Global spam levels have dropped to their lowest point in three years, and now make up just 70.5 percent of all emails, according to Symantec's new Intelligence Report.
This is a significant decline from July 2010, when Symantec detected 230 billion spam messages in daily circulation, a number that accounted for 90 percent of all global email. It is the lowest recorded spam level since November 2008, when spam made up 68 percent of all emails, Symantec said in its report.
Pharmaceutical spam, a mainstay of spammers' arsenals, has also fallen off; although it is still the most common category, it accounts now for 35.5 percent of spam compared with the end of last year, when it made up 64.2 percent of spam emails. Other top spam categories include watches and jewelry, adult/sex/dating, weight loss and casino/gambling.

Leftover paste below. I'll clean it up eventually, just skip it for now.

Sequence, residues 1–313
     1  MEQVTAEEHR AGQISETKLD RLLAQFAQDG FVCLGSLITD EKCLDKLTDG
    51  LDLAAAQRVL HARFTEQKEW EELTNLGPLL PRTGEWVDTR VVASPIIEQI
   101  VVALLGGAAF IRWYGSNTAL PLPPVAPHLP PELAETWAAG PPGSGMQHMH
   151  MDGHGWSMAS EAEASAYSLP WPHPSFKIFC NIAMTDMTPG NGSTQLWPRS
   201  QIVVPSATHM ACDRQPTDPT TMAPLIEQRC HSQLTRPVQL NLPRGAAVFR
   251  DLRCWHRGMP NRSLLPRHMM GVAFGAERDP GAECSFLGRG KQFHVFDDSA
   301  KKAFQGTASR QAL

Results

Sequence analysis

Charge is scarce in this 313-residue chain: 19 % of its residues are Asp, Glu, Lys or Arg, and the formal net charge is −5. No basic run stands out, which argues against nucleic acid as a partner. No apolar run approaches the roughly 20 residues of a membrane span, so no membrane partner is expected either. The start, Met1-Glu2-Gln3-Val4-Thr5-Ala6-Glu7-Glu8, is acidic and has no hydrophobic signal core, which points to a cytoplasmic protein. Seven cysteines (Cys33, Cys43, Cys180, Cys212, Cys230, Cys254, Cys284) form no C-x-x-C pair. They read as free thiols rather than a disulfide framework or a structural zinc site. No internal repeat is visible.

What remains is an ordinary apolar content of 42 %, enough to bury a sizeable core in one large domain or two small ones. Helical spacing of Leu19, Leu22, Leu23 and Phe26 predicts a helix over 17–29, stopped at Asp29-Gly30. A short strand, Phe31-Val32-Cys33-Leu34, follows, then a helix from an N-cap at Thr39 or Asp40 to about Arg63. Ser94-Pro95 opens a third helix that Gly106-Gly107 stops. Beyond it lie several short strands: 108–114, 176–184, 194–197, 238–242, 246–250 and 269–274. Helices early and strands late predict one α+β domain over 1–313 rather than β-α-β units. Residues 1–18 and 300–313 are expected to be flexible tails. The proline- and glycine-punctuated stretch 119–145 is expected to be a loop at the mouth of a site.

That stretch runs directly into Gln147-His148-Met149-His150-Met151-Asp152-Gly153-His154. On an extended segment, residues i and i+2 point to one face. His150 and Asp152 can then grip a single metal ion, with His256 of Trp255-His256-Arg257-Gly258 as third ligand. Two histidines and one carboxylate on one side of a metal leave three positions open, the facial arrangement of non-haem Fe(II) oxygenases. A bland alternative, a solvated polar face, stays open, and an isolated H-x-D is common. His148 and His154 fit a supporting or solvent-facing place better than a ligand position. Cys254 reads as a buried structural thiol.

Symantec's report suggested that the decrease in spam volume may be a result of the recent takedowns of the Rustock and Coreflood botnets, massive international networks of spam-spewing computers that the FBI disarmed earlier this year.
While it's refreshing to receive fewer spam messages, targeted malware attacks and advanced persistent threats (APT) are both on the rise. This could speak to a dangerous trend of cybercriminals targeting specific companies' intellectual property rather than blanketing the Web with spam.
"Targeted malware in general has grown in volume and complexity in recent years, but as it is designed to steal company secrets, it can be very difficult for recipients to recognize," the report explained.
Targeted attacks are still rare — one in 255 emails contained malware, but only one in 8,300 were "actual highly targeted attacks that could lead to an ATP," Symantec said. Even so, the statistics show that these types of cyberattacks have jumped fourfold since January.
To protect your personal information from identity thieves and spammers, make sure you run anti-virus software on your computer, encrypt your sensitive data, especially on removable USB drives, and use a strong password as your first line of defense.
From SecurityNewsDaily (find the original story here); reprinted with permission.